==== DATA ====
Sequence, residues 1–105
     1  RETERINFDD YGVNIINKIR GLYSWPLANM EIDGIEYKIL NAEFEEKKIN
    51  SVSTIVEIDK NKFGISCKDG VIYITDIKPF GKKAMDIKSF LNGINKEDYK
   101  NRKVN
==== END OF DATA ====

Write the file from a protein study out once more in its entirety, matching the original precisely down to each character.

Sequence, residues 1–105
     1  RETERINFDD YGVNIINKIR GLYSWPLANM EIDGIEYKIL NAEFEEKKIN
    51  SVSTIVEIDK NKFGISCKDG VIYITDIKPF GKKAMDIKSF LNGINKEDYK
   101  NRKVN